Article: Career expert Keith Spencer on burnout and toxic work

Life @ Work

Career expert Keith Spencer on burnout and toxic work

Burnout can trigger a vicious cycle that makes work all the more toxic.
Career expert Keith Spencer on burnout and toxic work

Burnout is getting the best of workers (88%). Worse, it’s translating into feelings of rage, according to a new workplace study.

“We know, [burnout] is a serious issue, but the sheer number of people affected by it was startling,” said Keith Spencer, a career expert at MyPerfectResume, which conducted the study.

Apart from workers experiencing symptoms of burnout, some have expressed their negativity through “rage applying” (90%) while others have had an outburst, or more, at work (87%).

“These three factors are not only concerning in nature, but impacting a large portion of the workforce,” Spencer told People Matters.

What is rage applying – and why is it harmful?

Rage applying, Spencer explained, happens when job seekers apply to a large volume of jobs “impulsively and without much consideration, often due to frustration or desperation with their current workplace”.

A classic sign of rage applying includes job seekers going for positions that don’t match their profile. Such a mismatch can result in multiple rejections, which can then “exacerbate the negative feelings they are already experiencing,” Spencer said.

“On the other hand, it could also result in a worker accepting a position that is wrong for them just to get out of their current situation. In many cases, that can contribute to even longer-term job dissatisfaction.”

Employers who invest in a proper recruitment strategy can get shortchanged – inundated with applications from people who aren’t invested in the screening process or job role.

“Rage applying can overwhelm recruiters with applications from candidates who may not be genuinely interested or qualified for the position in question,” Spencer said. “When high-performers turn to rage-applying, it could lead to multiple job offers from companies eager to snatch up top talent that is unhappy with their current workplace.”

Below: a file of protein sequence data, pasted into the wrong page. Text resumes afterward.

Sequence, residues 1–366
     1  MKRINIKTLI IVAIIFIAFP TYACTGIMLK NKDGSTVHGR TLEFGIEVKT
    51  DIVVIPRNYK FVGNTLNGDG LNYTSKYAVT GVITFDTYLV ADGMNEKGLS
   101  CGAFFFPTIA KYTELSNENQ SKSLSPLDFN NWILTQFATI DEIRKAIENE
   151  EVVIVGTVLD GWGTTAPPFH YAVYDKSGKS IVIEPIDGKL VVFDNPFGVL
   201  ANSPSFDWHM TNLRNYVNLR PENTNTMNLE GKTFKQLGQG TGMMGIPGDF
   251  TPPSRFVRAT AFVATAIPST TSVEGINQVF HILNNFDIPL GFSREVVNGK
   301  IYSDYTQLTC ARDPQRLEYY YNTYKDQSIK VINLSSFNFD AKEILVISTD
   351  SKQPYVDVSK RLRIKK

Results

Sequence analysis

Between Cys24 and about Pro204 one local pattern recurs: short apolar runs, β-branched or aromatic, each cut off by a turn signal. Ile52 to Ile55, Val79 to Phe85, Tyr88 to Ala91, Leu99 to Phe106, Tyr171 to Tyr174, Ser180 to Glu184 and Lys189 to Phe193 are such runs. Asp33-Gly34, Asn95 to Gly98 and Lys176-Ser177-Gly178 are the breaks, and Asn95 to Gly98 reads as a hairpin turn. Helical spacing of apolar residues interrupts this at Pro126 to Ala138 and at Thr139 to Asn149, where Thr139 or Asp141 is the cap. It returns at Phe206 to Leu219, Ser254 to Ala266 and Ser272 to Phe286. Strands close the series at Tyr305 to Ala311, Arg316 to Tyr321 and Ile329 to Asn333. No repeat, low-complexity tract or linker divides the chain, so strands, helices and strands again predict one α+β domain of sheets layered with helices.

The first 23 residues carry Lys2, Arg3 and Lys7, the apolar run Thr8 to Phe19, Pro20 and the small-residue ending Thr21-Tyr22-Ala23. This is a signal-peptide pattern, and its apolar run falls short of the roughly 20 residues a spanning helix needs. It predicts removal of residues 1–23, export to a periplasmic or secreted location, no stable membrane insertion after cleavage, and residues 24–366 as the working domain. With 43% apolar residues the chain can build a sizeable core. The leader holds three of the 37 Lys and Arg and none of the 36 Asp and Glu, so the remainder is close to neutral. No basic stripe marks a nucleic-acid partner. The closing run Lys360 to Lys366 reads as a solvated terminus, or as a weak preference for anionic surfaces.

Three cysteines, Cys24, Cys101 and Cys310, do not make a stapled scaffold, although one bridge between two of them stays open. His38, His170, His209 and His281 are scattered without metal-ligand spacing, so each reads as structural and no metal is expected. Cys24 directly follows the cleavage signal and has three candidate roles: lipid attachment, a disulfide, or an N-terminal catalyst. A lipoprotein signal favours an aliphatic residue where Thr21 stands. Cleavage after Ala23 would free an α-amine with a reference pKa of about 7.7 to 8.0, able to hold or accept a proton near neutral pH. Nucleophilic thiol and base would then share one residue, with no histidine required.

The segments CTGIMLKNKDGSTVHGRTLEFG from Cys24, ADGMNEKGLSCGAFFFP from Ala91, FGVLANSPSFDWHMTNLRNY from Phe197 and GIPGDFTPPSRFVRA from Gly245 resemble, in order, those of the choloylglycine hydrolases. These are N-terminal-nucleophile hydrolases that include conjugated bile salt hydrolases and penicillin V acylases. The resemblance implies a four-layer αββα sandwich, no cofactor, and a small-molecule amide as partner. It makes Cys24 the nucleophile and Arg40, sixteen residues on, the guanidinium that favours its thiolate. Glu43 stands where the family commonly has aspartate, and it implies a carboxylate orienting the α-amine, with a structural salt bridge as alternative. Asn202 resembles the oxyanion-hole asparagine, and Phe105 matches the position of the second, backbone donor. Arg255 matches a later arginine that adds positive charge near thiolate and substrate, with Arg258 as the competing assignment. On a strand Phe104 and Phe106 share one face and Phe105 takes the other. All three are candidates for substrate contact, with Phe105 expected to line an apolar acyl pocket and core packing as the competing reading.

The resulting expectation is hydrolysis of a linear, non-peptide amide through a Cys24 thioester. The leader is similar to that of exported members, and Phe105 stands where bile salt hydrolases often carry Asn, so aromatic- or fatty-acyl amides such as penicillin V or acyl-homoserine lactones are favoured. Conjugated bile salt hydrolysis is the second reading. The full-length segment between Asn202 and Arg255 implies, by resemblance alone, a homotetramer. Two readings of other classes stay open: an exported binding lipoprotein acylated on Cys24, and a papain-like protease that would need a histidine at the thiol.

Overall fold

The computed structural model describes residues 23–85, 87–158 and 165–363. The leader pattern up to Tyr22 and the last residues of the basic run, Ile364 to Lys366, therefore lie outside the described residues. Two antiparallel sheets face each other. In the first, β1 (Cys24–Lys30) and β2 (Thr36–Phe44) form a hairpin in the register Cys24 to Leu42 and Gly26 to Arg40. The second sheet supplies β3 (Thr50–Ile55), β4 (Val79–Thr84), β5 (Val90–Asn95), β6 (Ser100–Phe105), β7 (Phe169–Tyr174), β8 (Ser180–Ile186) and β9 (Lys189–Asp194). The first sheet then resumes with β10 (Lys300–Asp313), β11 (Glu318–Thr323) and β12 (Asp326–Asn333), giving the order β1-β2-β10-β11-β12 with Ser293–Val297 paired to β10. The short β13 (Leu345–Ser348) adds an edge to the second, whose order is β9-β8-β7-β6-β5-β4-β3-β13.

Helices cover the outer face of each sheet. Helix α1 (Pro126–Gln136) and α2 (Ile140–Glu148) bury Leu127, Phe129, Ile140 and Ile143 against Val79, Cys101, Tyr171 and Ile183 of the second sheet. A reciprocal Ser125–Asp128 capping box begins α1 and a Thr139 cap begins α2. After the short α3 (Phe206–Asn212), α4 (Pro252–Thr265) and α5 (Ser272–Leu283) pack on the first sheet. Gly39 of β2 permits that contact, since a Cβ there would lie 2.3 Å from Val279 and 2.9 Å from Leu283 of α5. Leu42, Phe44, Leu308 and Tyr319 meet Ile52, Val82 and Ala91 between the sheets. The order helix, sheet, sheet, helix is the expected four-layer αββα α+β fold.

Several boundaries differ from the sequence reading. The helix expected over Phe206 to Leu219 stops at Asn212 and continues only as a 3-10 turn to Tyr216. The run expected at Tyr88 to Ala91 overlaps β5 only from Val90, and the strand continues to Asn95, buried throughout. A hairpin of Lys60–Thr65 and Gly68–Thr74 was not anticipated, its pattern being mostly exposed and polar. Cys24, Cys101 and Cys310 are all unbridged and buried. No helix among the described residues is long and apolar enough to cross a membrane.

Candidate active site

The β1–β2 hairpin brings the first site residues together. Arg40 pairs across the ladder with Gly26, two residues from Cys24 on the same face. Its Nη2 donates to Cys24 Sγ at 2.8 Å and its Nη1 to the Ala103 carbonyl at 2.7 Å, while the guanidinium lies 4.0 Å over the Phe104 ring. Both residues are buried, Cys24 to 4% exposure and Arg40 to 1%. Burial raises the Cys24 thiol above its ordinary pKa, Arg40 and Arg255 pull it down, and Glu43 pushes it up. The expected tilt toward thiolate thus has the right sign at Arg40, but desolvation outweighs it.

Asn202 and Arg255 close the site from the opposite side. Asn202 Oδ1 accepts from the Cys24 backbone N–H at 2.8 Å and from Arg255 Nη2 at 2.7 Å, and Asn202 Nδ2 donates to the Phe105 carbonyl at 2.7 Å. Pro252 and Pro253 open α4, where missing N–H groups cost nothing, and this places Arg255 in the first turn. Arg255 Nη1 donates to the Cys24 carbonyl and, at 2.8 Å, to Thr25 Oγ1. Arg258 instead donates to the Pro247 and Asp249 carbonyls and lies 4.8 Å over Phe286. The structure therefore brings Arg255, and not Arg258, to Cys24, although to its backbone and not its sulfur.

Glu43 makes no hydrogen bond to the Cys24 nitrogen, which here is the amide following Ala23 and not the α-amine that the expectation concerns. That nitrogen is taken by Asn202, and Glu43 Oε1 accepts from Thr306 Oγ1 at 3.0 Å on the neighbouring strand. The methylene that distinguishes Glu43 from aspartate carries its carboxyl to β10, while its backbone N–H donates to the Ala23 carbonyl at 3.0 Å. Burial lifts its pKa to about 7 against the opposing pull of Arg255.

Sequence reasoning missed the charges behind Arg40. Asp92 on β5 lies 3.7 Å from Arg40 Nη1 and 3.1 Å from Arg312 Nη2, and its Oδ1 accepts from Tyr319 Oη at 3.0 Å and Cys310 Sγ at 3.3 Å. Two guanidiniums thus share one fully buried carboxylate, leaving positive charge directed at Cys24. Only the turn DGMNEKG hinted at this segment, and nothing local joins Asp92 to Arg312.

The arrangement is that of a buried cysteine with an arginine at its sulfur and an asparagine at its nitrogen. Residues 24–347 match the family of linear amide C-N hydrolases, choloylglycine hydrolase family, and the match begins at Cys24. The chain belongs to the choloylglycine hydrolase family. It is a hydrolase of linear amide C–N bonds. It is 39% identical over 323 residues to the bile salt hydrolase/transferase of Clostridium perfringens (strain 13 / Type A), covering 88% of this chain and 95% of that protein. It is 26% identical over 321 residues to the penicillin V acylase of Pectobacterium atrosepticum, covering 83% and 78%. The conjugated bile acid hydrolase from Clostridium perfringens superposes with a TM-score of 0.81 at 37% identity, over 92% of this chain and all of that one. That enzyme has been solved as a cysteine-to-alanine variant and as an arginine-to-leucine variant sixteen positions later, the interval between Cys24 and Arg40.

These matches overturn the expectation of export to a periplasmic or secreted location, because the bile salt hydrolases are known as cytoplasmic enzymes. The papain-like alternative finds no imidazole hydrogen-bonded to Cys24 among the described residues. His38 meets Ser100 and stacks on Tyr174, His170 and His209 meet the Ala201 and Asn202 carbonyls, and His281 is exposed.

Outbursts from frustrated workers and their impact on others

What’s scarier than the emergence of rage-applying workers is the rise of disgruntled employees who often take out their pent-up anger and frustration on others.

People express negative feelings around their burnout differently, with men more likely to yell at a colleague (30%) and women more likely to leave work early or storm out of a meeting (27%). Both sexes, however, are not above threatening to quit their jobs (28% and 27% respectively), the study found.

Yet, while feelings of burnout are experienced on an individual level, the impact – once the frustration boils over – can be felt by the entire team.

“Workplace outbursts, like yelling at colleagues or threatening to quit, undermine trust and respect among co-workers, creating a negative atmosphere that hinders collaboration and productivity,” Spencer said.

“These behaviours often signal deeper issues, such as poor communication or leadership, fostering employee discomfort and distraction.”

An outburst from a frustrated employee “runs the risk of creating a toxic work environment,” the career expert warned.

Beyond attitude problems, productivity also takes a hit

“Consequently, workflow is disrupted and energy is diverted from important tasks to focus on dealing with the outburst and its aftermath,” Spencer said.

“Addressing these behaviours is vital for maintaining a positive work environment conducive to productivity and employee well-being.”

Burnout can therefore trigger a vicious cycle that affects how an employer attracts and retains good employees.

“When you put all of these pieces together, our study should serve as a warning for employers who aren’t taking burnout seriously,” Spencer said.

How employers can address the burnout epidemic

Employers aren’t responding to this crisis quickly or aggressively enough, the data suggest.

“This is an urgent situation, and employers must treat it as such before there are serious workplace impacts,” said Spencer, who outlined the following strategies for fostering a healthier workforce:

  • Endorsing work-life balance through flexible hours
  • Encouraging adequate time off
  • Having clear job descriptions and work expectations for every role
  • Enhancing wellness support offerings

“Ignoring widespread burnout is not a viable option,” Spencer said.

“It shouldn’t just be lip service either. The best way for leaders to encourage healthy behaviours is to lead by example. Practise what you preach and show your employees that it’s OK to step away and recharge.”

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Topics: Life @ Work, Talent Acquisition, Talent Management, Recruitment, Culture, #Wellbeing

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